Plastic pollution is a major environmental concern, and rivers act as major pathways for plastic debris to reach the oceans. This plastic waste comes at a heavy cost – harming the environment, society, the economy, and even our health. A study in 2021 reveals that around 1,000 rivers, surprisingly including many small urban ones, are responsible for most of the plastic pollution entering our oceans each year. Based on the same study, the Klang River was identified as the second-largest contributor of plastic pollution to the ocean in Southeast Asia. 

Understanding the Problem through River and Coastal Cleanups

River cleanups can mitigate this issue, but understanding the types of plastic waste found is crucial to address the problem at its source. International Coastal Cleanup (ICC) data allow us to compare global trends over time and also across different regions. Here we present a glimpse at common items from East and Southeast Asia from the 2022 International Coastal Cleanup

Food wrappers (candy, chips, etc.) 

Modern food packaging provides a way to make food safe, reliable, shelf-stable and clean. Unfortunately, most food packaging is designed to be single use and is not recycled.  Instead, packaging is thrown away and often litters our waterways. Because so much food packaging (especially plastic) has ended up in waterways, the United Nations has declared the plastic pollution of oceans “a planetary crisis.” This is a problem not only for humanity, but for all aquatic life. There are other environmental impacts from food packaging as well, including to our air and soil.

Brand Audit at Ciakpundung River, Bandung. © Djuli Pamungkas / Greenpeace
A Greenpeace volunteer collects plastic waste during a brand audit in Cikapundung river, Bandung, West Java.

Plastic grocery bags and plastic bags (for food and other uses) 

Grocery bags, especially single-use plastic bags, are a significant source of waste and pollution. They take hundreds of years to decompose in landfills, and many end up in our oceans and waterways, harming marine life. Plastic bags also contribute to greenhouse gas emissions during their production.

Mute Swan and Plastic Bag in UK. © Jack Perks / Greenpeace
A mute swan is photographed next to a plastic bag in the river Trent. © Jack Perks / Greenpeace

Plastic beverage bottles

Our throwaway plastic water bottles are a big reason why plastic is polluting the world’s oceans, harming sea creatures, and choking our land. These bottles take centuries to break down, leaking harmful chemicals all the while.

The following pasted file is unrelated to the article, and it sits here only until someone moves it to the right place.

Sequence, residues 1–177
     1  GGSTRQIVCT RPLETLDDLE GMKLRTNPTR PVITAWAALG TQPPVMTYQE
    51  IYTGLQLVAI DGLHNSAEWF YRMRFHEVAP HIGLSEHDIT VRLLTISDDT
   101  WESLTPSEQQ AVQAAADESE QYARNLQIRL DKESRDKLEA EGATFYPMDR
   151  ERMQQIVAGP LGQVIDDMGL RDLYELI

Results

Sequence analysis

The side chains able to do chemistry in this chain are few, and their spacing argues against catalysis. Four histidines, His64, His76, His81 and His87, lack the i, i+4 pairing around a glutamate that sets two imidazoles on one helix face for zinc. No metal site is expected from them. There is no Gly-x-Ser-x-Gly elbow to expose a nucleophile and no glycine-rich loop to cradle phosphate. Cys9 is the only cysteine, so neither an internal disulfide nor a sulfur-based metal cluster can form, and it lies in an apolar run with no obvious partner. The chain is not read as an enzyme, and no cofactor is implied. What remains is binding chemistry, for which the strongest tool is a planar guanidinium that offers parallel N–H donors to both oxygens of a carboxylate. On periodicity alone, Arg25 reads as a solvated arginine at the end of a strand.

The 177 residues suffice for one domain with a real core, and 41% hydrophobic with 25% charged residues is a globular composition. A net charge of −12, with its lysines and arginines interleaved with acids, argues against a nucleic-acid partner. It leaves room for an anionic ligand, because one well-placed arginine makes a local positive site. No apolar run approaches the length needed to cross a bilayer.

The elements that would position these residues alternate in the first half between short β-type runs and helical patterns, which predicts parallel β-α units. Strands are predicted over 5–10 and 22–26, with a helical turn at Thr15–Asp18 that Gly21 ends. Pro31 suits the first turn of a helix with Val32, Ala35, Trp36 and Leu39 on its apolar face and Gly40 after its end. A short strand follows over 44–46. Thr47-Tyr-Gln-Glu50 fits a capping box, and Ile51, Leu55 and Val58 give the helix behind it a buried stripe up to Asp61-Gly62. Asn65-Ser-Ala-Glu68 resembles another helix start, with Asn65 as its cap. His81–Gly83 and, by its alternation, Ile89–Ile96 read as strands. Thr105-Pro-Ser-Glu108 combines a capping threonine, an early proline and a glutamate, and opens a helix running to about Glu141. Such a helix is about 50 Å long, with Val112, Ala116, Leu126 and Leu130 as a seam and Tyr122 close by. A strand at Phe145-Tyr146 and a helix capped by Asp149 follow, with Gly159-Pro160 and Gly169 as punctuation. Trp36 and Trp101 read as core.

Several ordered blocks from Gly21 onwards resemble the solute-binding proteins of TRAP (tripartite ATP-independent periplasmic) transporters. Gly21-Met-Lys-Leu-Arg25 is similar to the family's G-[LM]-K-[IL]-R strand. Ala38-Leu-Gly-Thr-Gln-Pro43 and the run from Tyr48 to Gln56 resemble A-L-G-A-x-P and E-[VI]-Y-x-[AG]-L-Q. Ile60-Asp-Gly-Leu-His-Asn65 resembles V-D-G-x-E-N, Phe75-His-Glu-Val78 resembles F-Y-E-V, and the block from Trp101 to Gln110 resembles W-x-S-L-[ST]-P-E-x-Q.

Producing plastic bottles requires vast amounts of fossil fuels and natural resources. From extraction to manufacturing, transportation, and disposal, the life cycle of these bottles generates a significant carbon footprint.

The massive increase in plastic bottles creates a huge burden for waste management. While recycling seems like an answer, only a small fraction (9%) of all plastic ever made has actually been recycled. In Malaysia, for example, less than one-fifth (16%) of PET bottles even get collected for recycling.

Collected Rubbish in West Java. © Andri Tambunan / Greenpeace
Plastic bottles and scraps collected by Pak Ahya (52), found floating on the Citarum River. Citeureup Village, Kabupaten Bandung. © Andri Tambunan / Greenpeace

Cigarette butts

For many years, scientists have been studying the global issue of litter on beaches, with cigarette butts being the most common type of trash found. Every year, 6 trillion cigarettes are smoked globally, with a staggering 4.5 trillion being discarded improperly.

In Malaysia, taxpayers foot the bill for cleaning up cigarette waste, including the disposal of harmful chemicals that leak from the butts in landfills. These filters, made from a non-biodegradable plastic, take a long time to break down. By not accounting for these true costs, tobacco companies avoid their responsibility and benefit from a hidden subsidy at the expense of taxpayers.

Brand Audit at Ciakpundung River, Bandung. © Djuli Pamungkas / Greenpeace
A Greenpeace volunteer collects cigarette butts during a brand audit in Cikapundung river, Bandung, West Java.

Taking Action: Solutions and Individual Responsibility

Addressing this plastic pollution crisis requires a multi-pronged approach. While collective efforts are crucial, individuals also play a vital role. Here’s how we can contribute:

  • Embrace reusable alternatives: Replacing single-use plastics with reusable alternatives like water bottles, shopping bags, and coffee cups is a significant step towards reducing plastic waste.
  • Dispose of waste responsibly: Proper waste disposal is essential. Look for designated recycling bins and ensure plastic waste finds its way into them, preventing it from entering our waterways.
  • Sign the Global Plastic Treaty petition: The treaty will limit plastic production and use. A strong global plastics treaty will keep oil and gas used to produce plastic in the ground and stop big polluters with their relentless plastic production. 
Support the Global Plastic Treaty

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